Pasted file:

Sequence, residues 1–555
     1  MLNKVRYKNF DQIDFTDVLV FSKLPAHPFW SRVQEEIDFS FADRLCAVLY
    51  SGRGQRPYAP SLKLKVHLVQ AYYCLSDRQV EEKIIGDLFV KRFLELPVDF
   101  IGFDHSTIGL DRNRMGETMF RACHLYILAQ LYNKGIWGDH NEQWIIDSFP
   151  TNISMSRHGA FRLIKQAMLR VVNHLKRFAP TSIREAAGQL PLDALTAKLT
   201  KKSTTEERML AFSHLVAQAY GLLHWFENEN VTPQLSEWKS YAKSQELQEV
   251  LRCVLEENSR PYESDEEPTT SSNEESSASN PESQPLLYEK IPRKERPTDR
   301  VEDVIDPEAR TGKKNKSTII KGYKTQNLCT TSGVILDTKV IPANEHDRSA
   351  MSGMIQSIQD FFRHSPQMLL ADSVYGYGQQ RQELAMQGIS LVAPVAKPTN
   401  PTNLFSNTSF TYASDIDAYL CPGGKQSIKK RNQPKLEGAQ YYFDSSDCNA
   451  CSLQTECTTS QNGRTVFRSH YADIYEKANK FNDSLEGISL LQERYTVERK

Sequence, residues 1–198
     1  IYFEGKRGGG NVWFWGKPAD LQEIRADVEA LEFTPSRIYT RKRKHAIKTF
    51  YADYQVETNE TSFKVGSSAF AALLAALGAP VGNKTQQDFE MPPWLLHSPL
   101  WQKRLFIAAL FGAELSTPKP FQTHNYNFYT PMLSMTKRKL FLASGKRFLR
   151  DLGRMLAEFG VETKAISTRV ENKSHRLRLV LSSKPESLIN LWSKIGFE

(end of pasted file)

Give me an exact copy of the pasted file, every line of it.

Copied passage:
Sequence, residues 1–555
     1  MLNKVRYKNF DQIDFTDVLV FSKLPAHPFW SRVQEEIDFS FADRLCAVLY
    51  SGRGQRPYAP SLKLKVHLVQ AYYCLSDRQV EEKIIGDLFV KRFLELPVDF
   101  IGFDHSTIGL DRNRMGETMF RACHLYILAQ LYNKGIWGDH NEQWIIDSFP
   151  TNISMSRHGA FRLIKQAMLR VVNHLKRFAP TSIREAAGQL PLDALTAKLT
   201  KKSTTEERML AFSHLVAQAY GLLHWFENEN VTPQLSEWKS YAKSQELQEV
   251  LRCVLEENSR PYESDEEPTT SSNEESSASN PESQPLLYEK IPRKERPTDR
   301  VEDVIDPEAR TGKKNKSTII KGYKTQNLCT TSGVILDTKV IPANEHDRSA
   351  MSGMIQSIQD FFRHSPQMLL ADSVYGYGQQ RQELAMQGIS LVAPVAKPTN
   401  PTNLFSNTSF TYASDIDAYL CPGGKQSIKK RNQPKLEGAQ YYFDSSDCNA
   451  CSLQTECTTS QNGRTVFRSH YADIYEKANK FNDSLEGISL LQERYTVERK

Sequence, residues 1–198
     1  IYFEGKRGGG NVWFWGKPAD LQEIRADVEA LEFTPSRIYT RKRKHAIKTF
    51  YADYQVETNE TSFKVGSSAF AALLAALGAP VGNKTQQDFE MPPWLLHSPL
   101  WQKRLFIAAL FGAELSTPKP FQTHNYNFYT PMLSMTKRKL FLASGKRFLR
   151  DLGRMLAEFG VETKAISTRV ENKSHRLRLV LSSKPESLIN LWSKIGFE